Where are the 'Cosbys' of 2014?
Earlier today TMZ broke news that Amber Rose and Wiz Khalifa filed for divorce claiming “irreconcilable differences”. This is just the latest couple this year that has chosen to split after being married or together for some time. Rose and Khalifa join Ciara and Future, Mariah and Nick Cannon, French Montana and Khloe Kardashian and Michael Strahan and Nicole Murphy to name a few. In this day of social media and heightening knowledge of celebrities, it begs the question why are our celebrity couples not able to keep it together? In their own way each of the couples above have been put on a pedestal whether rightfully so or not as having an ideal relationship. And yet each and every one of them has faltered. Where are our Cosbys of 2014?
While concrete details for the reasons of the split between the couples is unknown we can look towards a trend in this country for answers. An alarming 50% of marriages in the US end up in divorce! 50%! That's wild. Young men and women are growing up without a mother or father in the household with frequency and they in turn do not know how to raise a child and the cycle continues. The top five reasons for divorce are pretty clear as well:
1) Poor Communication
4) No longer attracted to one another
Those are the main causes. There are no Cosbys of 2014 because most marriages and relationships lack all of these items listed above. The Cosbys were a successful couple that looked after one another, challenged one another and made each other better. They did this by working hard, being successful in their career and loving their family as much as they love themselves. Social media is one distraction that makes doing all these harder. People can no longer interact in person. People hide behind technology and lack personality or effective people skills to grow. People simply do not want to work on relationships and talk, but rather hide behind a computer screen. In turn, careers lack and things spiral out of control that could lead to abuse or infidelity.
Each and every day there are young men and women of whom look towards celebrities for guidance because they lack it at home. When they see their idols breaking up many accept this and that is unacceptable. As a whole we need to expect more from ourselves and our spouses and leaders of today and tomorrow. Push one another to be successful in our careers. We need to push one another to always communicate and appreciate one another. When you take care of yourself, you're leading by example for the other person to do the same. We don't have to be apart of a statistic, but we can motivate, cultivate and grow to defy that statistic.
Mike Brown vs Worldstar Hip Hop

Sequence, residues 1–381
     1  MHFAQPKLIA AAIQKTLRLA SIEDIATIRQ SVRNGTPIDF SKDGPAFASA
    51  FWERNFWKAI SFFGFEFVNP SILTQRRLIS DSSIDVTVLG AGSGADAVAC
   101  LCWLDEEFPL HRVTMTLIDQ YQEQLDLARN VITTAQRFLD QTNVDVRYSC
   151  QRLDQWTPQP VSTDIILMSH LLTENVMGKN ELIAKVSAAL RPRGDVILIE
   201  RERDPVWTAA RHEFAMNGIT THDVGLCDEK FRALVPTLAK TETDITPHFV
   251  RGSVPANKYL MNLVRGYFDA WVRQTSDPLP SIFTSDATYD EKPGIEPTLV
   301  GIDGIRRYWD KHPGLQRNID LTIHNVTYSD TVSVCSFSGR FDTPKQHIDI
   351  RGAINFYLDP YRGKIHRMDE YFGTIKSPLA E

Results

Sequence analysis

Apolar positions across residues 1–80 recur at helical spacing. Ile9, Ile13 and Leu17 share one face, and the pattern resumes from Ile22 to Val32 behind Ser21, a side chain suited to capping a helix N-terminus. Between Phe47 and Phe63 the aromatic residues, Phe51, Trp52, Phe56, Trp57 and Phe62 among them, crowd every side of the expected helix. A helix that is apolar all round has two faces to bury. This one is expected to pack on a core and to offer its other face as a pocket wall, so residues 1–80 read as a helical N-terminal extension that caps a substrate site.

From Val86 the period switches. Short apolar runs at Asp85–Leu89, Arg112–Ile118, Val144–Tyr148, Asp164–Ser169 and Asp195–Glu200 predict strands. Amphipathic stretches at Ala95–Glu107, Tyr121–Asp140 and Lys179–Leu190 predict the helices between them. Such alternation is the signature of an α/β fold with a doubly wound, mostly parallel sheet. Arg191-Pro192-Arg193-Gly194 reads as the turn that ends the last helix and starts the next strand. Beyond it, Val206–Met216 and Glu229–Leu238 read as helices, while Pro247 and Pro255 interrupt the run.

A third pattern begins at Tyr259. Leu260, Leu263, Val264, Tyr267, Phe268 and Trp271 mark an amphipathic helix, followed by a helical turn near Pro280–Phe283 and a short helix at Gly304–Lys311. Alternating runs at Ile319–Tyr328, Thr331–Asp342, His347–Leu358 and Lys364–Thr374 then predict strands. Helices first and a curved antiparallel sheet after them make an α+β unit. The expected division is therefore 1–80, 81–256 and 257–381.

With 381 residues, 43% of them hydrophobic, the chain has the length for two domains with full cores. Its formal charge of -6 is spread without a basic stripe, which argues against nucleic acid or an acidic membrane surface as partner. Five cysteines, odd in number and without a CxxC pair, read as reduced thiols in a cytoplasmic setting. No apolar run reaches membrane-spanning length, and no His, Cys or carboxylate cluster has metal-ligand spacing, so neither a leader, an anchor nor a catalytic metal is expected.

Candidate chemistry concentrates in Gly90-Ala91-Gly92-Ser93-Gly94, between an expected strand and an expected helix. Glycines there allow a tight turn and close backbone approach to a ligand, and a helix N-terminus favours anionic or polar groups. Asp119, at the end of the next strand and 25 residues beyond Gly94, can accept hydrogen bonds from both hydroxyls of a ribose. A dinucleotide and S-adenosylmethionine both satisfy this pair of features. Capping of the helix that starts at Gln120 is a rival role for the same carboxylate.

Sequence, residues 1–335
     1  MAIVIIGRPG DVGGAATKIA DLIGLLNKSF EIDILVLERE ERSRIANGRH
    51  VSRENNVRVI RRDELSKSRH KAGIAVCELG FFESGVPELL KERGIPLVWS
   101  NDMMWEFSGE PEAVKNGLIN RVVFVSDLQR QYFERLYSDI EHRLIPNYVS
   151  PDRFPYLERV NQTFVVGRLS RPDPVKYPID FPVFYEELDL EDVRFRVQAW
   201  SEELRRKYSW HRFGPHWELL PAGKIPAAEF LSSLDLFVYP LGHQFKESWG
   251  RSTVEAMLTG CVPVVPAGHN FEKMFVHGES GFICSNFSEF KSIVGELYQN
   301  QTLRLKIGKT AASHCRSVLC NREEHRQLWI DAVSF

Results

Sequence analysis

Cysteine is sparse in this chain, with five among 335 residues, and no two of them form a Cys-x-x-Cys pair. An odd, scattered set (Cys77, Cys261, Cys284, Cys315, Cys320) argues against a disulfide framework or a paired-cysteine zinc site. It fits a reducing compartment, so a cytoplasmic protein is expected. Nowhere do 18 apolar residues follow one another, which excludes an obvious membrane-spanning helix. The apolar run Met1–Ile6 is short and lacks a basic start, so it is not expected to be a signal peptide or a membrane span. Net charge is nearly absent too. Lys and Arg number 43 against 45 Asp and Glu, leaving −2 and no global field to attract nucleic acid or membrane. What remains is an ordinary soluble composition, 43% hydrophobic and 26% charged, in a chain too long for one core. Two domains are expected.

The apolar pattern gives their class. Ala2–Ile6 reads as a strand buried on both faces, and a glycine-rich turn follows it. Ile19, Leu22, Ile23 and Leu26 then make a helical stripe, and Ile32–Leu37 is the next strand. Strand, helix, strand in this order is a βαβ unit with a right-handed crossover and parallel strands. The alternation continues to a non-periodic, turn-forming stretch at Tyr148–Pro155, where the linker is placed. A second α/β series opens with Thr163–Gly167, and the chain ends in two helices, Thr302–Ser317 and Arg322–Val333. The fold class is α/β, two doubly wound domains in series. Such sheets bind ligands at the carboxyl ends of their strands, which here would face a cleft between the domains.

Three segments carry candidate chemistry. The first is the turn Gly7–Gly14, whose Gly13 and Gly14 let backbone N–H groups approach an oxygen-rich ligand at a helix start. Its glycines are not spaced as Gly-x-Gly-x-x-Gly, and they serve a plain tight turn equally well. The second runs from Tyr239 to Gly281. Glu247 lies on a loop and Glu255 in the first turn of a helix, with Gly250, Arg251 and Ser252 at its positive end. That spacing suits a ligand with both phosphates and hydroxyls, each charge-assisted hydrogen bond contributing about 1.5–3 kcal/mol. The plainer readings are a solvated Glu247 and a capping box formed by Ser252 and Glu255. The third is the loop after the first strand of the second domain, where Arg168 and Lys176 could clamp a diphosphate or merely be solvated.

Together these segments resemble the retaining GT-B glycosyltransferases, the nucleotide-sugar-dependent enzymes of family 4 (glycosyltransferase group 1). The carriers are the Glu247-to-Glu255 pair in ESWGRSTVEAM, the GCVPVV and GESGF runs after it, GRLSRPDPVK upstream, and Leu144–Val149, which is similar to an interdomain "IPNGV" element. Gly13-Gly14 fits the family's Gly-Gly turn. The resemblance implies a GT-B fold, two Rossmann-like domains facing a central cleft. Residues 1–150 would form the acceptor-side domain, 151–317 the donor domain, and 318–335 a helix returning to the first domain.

The two have seemingly nothing in common. The first is an unarmed black teen shot dead by white ferguson, missouri cop darren wilson. The other is a video blog, home to salacious videos showing everything questionable, bone-crushing and ratchet in entertainment and hip-hop serving to a majority black audience. By comparing the two i hope to briefly explore their opposing impacts on society.
There is no denying that the death of michael brown has been felt around the world. From palestine, to tibet, to russia the international community has taken notice. The people from these far off communities do not know mike brown or his family, but they do share the compassion. They feel the injustice from thousands of miles away. The fact that an unarmed black teen was shot dead in the middle of the day and a white cop remains on paid leave for over a month after without explanation makes no sense.
On the other hand, worldstar hip hop capitalizes on everything wrong in black america by simply exploiting black america. Founded in 2005, the site has 1 million unique views a day. It’s a top 300 u.s. site and growing annually. There are great statistics to speak of, but the potential is riddled with videos in poor taste, a detriment to the hip hop and black culture. Videos of poor people fighting over a candy bar, or girls shaking their behinds to a music beat and people doing whatever they can to get on the popular blog.
We continue to fight an uphill battle to stop the michael brown incidents of the world from taking place once again and yet we allow ourselves to kill each other on a daily basis by not holding each other to better standards, accountable for “worldstar-like” actions. We cannot desire to succeed and ask the world to respect a culture that doesn’t respect itself in many ways. We are not all the reason for the problem, but we can all certainly be some part of the solution because we do not have to visit or promote what the site stands for. In one way or another you or i could have been mike brown. But we weren’t. For that, we owe ourselves the right to respect and honor our lives each and everyday. Michael brown is not worldstar hip hop and we are not world star hip hop.